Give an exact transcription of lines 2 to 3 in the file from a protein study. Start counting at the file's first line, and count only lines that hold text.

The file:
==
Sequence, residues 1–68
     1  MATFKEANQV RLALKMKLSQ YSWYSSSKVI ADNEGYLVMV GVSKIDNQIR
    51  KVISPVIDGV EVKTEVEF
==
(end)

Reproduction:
     1  MATFKEANQV RLALKMKLSQ YSWYSSSKVI ADNEGYLVMV GVSKIDNQIR
    51  KVISPVIDGV EVKTEVEF